At Phacilitate’s recent “Cell & Gene Therapy Forum”, enthusiasm greeted reported advances in the research laboratory and successes in the commercial arena for technologies that represent high-risk ventures for the companies developing them. Excitement also accompanied the introduction of pioneering therapeutic strategies that epitomize the promise of personalized medicine.
Sharing the spotlight with the research and clinical news, however, was an omnipresent reminder of scaleup and manufacturing challenges, regulatory and reimbursement hurdles, cautious acceptance by the healthcare community, and skepticism and skittishness among investors—particularly in the current economic climate.
The push-and-pull between optimism for the future and the reality of overcoming current challenges was evident—one presentation was entitled, “So you’ve got a C> product that works—now, how are you going to make money from it?”
The focus of many of the talks was Dendreon’s autologous cellular immunotherapy, sipuleucel-T (Provenge®), which received FDA approval nearly a year ago for the treatment of asymptomatic or minimally symptomatic metastatic castrate-resistant prostate cancer. In January, Dendreon reported $48 million in 2010 revenues for Provenge and announced plans to seek marketing authorization in Europe. The company plans to increase production capacity by about 10-fold in 2011, with concomitant increases in its sales force and its marketing and physician/patient education efforts.
A key topic of discussion was how cell and gene therapies will be assessed by insurers for reimbursement. Robyn Karnauskas, Ph.D., director and research analyst at Deutsche Bank Securities, gave a sobering appraisal of the current investment picture as she summarized the lessons learned from the Dendreon experience. Increasingly cautious investors want to see positive healthcare outcomes to assess the potential of a company’s new drug or therapeutic intervention.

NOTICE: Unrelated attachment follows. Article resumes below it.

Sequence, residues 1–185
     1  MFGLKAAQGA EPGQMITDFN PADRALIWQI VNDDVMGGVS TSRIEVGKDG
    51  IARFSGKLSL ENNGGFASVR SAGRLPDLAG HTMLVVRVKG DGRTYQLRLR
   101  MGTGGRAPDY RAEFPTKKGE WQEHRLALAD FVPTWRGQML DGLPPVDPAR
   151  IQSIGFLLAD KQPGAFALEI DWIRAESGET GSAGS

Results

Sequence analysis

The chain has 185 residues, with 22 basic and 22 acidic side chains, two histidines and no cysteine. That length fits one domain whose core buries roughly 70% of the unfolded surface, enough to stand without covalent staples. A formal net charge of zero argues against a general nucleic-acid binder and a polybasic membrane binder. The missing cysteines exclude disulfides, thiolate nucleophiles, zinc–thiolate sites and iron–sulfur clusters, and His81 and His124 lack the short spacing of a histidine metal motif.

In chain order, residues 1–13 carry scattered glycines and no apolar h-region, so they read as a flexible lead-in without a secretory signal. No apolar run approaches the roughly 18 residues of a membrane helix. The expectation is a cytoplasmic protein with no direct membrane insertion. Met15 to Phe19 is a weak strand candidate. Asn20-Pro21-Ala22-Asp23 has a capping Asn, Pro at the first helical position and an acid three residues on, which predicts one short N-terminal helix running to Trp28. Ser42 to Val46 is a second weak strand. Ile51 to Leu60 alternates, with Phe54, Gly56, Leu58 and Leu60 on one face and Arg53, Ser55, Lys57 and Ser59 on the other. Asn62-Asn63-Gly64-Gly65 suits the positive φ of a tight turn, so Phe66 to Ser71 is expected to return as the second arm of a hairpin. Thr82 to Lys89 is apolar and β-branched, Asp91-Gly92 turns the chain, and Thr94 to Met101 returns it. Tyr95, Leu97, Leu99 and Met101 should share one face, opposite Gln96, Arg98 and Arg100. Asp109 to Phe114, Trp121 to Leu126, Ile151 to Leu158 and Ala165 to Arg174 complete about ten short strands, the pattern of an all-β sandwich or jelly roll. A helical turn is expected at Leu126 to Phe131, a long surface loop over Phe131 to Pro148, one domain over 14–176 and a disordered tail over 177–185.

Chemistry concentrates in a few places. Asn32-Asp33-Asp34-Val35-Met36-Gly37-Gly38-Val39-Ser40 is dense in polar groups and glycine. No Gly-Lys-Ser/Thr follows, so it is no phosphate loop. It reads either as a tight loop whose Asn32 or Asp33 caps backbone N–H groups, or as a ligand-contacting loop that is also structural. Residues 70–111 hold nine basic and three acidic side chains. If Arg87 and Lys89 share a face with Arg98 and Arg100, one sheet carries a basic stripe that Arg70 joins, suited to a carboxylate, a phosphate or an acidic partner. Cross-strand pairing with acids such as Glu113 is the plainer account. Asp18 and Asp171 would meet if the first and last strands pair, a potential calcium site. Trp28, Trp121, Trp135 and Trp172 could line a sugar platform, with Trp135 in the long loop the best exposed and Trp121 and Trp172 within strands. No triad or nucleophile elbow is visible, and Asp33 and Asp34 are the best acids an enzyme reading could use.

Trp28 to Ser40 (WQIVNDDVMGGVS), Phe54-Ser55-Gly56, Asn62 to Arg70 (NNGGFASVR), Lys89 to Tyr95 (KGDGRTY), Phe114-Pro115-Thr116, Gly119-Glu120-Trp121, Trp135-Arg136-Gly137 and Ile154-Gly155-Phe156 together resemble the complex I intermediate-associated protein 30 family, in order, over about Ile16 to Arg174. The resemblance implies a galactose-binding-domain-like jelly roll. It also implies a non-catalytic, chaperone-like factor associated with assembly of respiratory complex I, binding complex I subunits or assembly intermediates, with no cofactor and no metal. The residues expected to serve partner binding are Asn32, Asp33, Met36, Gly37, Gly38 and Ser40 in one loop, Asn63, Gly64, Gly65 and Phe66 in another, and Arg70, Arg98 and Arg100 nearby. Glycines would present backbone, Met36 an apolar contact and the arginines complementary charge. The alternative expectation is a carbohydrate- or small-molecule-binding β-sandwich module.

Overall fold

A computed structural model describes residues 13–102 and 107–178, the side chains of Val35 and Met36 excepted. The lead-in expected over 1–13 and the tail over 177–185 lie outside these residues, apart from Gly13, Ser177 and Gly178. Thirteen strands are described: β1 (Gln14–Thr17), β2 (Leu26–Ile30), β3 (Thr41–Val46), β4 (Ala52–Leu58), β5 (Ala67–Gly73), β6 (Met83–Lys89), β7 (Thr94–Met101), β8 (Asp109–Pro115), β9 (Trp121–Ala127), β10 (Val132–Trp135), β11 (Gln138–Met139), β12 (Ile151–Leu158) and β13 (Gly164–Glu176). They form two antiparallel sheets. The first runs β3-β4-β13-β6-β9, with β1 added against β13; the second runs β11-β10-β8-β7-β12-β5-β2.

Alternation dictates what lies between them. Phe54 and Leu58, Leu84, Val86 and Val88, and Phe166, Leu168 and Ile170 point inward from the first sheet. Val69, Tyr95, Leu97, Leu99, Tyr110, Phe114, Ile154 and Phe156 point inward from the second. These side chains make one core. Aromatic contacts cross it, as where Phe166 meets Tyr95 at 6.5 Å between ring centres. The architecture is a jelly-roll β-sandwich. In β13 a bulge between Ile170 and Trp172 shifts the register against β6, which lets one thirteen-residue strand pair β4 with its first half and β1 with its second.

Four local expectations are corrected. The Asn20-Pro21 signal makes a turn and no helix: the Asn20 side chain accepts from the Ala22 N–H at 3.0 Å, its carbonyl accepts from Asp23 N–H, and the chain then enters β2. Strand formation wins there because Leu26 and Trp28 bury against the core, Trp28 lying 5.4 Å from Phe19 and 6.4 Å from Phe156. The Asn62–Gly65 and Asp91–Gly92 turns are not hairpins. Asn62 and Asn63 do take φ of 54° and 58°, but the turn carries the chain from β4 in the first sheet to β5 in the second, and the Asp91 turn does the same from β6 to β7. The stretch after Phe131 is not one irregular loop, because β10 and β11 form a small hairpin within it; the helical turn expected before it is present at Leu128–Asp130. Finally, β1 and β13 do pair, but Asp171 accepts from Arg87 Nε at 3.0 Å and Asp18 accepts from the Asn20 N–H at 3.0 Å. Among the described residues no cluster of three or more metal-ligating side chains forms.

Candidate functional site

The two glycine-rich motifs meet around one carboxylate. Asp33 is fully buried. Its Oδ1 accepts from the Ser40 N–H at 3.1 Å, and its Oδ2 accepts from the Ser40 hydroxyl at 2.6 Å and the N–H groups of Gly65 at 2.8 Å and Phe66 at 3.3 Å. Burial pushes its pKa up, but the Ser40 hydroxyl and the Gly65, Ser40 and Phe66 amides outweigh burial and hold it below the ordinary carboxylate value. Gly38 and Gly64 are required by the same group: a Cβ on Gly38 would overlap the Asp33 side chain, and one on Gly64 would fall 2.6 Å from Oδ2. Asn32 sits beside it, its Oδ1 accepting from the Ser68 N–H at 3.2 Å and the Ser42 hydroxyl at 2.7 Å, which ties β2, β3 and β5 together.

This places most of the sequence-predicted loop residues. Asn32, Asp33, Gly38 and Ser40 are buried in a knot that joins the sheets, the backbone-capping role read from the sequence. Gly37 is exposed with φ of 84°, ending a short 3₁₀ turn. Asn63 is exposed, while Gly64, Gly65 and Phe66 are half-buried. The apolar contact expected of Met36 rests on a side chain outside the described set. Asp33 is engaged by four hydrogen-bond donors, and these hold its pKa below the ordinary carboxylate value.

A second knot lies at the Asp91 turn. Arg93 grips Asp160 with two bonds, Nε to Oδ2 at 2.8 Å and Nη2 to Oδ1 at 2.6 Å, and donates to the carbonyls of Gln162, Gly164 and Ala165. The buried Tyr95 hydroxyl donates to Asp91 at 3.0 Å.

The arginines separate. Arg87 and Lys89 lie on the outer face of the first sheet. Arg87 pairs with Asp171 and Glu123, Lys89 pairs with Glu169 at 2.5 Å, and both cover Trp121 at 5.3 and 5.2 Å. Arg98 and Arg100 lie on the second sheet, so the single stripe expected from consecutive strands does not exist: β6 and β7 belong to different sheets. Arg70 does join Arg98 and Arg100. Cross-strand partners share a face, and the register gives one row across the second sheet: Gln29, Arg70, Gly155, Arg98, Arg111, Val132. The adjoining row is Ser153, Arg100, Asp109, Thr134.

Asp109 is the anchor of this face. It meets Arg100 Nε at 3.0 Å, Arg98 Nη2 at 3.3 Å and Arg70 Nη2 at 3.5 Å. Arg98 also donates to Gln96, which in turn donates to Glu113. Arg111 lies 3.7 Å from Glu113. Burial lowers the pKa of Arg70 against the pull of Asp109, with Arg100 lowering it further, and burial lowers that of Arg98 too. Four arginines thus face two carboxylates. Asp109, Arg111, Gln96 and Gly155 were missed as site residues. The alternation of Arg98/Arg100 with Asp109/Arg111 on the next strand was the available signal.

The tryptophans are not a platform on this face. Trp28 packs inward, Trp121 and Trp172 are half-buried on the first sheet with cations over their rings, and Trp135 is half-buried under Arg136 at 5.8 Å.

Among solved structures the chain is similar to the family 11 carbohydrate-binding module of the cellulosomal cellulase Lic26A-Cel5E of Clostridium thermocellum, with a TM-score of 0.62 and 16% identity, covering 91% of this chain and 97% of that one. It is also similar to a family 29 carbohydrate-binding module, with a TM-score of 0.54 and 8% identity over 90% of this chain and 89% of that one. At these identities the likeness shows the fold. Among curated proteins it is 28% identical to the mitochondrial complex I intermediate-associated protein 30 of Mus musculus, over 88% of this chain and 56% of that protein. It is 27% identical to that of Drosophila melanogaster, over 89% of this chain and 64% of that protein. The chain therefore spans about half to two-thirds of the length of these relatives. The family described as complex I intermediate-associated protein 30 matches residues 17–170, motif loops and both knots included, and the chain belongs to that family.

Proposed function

Demonstrating a promising response rate is no longer enough; companies need to show survival data and “superclean trial results,” said Dr. Karnauskas. This will entail longer, more expensive trials and increased risk. She described an underlying fear among investors of drugs with novel mechanisms as well as growing concern around biosimilars.
The news from the investment arena is not all disheartening, though, as Dr. Karnauskas noted a rising trend in IPOs and the availability of funding for companies that prove worthy.
She emphasized the uncertainty surrounding regulatory and reimbursement factors as well. The FDA “has set the bar higher for approval” since about 2009, she said, and companies need to demonstrate a clear clinical strategy for development. She described the recent FDA decision to withdraw its approval of Avastin in breast cancer due to the drug’s side effects as “not expected.”
Additionally, “reimbursement has become more challenging,” said Dr. Karnauskas, as evidenced by Medicare’s restrictions on Epogen to treat anemia associated with dialysis and the Alzheimer disease drug Aricept. The Centers for Medicare and Medicaid Services has initiated a National Coverage Analysis of Provenge to determine reimbursement.